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Aberystwyth Old College

history aberystwyth old college Aberystwyth’s Old College is the site of the original University of Aberystwyth which was founded in 1872, and became the first established university in the whole of Wales.

When looking at the building from the sea front (which at the time of building was only cliffs, until the coming of the promenade in the mid 1880′s) it is easy to see that a number of arcitechts have added their own styles to the building over time.

The original section of the building, known as Castle House was built as a hotel in the 1860′s, was designed by John Nash, under the orders of land owner Uvedale Price. Price had envisioned that Castle House would become a hotel, which would provide accomodation to the influx of middle class Victorian tourists who began to arrive with the advent of the railways.

However, during the construction of Castle House, Price and his company ran out of money and decided to put the building up for sale for around 12% of the building costs to that date. For the knock down sum of £10,000 the partially completed building was sold to the newly formed, and rather cash strapped University of Aberystwyth.

Despite the modern view of universities being publicly funded, with large budgets for buildings and facilities this was not the case at the time. In fact, the majority of the funding provided for the newly formed university had come from public donations. Even in 1885 when a large section of the college burnt down, and government policy favoured the colleges in Bangor and Cardiff, the University of Aberystwyth was able to survive through the determination of its board members.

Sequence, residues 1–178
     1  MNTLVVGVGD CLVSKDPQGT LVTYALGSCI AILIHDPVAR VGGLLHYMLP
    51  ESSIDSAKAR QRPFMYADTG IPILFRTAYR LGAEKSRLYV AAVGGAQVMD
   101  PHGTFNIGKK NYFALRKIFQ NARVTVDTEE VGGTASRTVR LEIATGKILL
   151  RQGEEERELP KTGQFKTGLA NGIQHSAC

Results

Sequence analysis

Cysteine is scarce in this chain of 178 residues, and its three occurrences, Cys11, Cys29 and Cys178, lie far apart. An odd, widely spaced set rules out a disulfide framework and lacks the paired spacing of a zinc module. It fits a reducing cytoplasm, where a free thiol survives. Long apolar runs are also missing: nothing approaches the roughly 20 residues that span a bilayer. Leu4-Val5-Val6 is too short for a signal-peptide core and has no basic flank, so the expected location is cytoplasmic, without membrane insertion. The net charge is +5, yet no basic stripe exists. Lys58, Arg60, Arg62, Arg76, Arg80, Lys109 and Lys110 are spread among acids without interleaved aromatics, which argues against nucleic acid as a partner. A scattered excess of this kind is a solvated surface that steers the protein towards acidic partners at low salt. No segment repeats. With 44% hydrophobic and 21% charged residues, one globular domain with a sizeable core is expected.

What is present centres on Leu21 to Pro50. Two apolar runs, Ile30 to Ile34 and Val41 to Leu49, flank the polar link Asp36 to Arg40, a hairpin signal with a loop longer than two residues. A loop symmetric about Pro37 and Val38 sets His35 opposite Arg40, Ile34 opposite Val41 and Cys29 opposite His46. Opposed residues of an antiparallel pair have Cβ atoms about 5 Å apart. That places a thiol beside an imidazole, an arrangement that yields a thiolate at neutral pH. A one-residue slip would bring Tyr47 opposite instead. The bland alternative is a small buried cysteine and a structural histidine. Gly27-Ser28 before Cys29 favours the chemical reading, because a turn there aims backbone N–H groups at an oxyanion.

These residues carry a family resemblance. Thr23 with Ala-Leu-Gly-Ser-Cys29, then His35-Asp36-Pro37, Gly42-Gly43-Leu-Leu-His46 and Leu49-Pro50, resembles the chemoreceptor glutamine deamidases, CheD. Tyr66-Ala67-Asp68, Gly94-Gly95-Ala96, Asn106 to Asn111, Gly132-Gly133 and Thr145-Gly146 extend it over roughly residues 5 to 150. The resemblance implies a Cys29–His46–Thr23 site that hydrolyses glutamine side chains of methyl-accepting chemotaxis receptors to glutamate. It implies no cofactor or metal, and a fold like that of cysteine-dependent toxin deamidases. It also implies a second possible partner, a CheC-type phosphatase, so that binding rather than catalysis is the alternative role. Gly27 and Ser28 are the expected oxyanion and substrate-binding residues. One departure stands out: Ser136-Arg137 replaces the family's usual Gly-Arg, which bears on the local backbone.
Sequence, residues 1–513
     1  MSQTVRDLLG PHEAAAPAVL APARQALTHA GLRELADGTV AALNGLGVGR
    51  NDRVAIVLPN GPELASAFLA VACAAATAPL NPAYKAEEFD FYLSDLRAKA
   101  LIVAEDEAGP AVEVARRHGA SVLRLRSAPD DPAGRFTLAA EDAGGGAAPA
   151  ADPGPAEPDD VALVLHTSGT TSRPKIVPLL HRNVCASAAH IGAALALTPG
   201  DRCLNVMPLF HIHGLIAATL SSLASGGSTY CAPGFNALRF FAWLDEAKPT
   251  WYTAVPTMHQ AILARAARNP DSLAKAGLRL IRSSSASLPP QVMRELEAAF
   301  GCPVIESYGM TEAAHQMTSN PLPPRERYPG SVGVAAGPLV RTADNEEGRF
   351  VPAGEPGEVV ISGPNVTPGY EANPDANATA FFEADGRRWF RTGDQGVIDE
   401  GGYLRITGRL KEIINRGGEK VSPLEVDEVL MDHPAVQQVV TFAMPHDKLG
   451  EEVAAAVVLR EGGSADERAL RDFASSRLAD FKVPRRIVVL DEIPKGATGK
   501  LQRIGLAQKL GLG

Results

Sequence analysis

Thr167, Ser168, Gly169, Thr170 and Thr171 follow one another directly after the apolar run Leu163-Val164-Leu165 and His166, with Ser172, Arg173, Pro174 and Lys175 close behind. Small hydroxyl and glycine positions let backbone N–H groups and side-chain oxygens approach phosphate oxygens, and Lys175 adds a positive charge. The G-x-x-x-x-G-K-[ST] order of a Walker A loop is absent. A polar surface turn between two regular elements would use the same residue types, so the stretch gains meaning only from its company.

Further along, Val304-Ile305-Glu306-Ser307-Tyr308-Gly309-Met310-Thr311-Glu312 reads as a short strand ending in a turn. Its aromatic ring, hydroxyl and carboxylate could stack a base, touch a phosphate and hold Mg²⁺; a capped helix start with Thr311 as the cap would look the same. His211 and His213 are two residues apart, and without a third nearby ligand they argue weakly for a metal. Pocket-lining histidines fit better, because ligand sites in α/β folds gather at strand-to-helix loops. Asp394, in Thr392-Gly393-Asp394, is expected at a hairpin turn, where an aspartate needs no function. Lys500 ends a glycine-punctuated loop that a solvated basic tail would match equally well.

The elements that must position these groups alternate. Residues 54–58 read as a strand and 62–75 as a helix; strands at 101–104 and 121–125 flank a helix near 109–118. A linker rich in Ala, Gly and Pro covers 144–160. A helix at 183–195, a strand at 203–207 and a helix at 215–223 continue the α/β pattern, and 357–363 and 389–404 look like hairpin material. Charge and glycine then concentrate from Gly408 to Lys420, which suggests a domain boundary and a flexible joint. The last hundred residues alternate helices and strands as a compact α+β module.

The further developments of the old college were undertaken by the University of Aberystwyth in conjunction with architect John Pollard Seddon, who was also chief architect of Castle House. The eccentric gothic stylings of the building are attributed to Seddon. However, his original design sketches from 1871 show an even more elabourate set of designs which were thankfully never quite seen through.

By the mid 1880′s Aberystwyth University had managed to gather enough money together to fund the extension of the old college building. However, with plans barely on the drawing board a fire took out large swathes of the north wing of the old college, and also killed three local fire fighters in the process as it raged on for almost two days in July 1885.

After the fire there was much debate about the future plans for the university building. On the one side, some said that the old building should be replaced with a completely new building put in its place. On the other side, many believed that the way forward was to adapt the original building to suit the needs of the University of Aberystwyth. Needless to say, a large portion of the argument revolved around the issue of funding the build, to which Seddon was once again appointed chief architect.

Using a grant obtained in 1884, along with further public donations Seddon designed and built a new science block which can be seen on the south of the building, looking much more modern than the other sections of the building.